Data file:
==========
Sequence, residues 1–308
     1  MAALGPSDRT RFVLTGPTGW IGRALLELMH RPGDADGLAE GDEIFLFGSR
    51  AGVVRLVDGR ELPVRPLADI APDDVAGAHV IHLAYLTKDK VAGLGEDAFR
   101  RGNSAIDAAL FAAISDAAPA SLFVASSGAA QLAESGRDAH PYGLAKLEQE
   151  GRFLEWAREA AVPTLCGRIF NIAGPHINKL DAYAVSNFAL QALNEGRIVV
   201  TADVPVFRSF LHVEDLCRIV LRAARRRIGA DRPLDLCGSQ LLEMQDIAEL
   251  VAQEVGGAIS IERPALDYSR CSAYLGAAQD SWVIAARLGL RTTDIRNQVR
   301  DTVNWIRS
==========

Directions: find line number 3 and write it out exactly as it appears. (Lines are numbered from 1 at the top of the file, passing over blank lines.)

    51  AGVVRLVDGR ELPVRPLADI APDDVAGAHV IHLAYLTKDK VAGLGEDAFR